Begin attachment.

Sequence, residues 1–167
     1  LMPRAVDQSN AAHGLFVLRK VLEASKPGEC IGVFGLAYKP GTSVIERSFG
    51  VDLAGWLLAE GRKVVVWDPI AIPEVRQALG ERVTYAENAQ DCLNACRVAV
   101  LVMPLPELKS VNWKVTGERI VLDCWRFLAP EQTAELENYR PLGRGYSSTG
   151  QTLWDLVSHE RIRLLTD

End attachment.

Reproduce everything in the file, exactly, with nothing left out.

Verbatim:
Sequence, residues 1–167
     1  LMPRAVDQSN AAHGLFVLRK VLEASKPGEC IGVFGLAYKP GTSVIERSFG
    51  VDLAGWLLAE GRKVVVWDPI AIPEVRQALG ERVTYAENAQ DCLNACRVAV
   101  LVMPLPELKS VNWKVTGERI VLDCWRFLAP EQTAELENYR PLGRGYSSTG
   151  QTLWDLVSHE RIRLLTD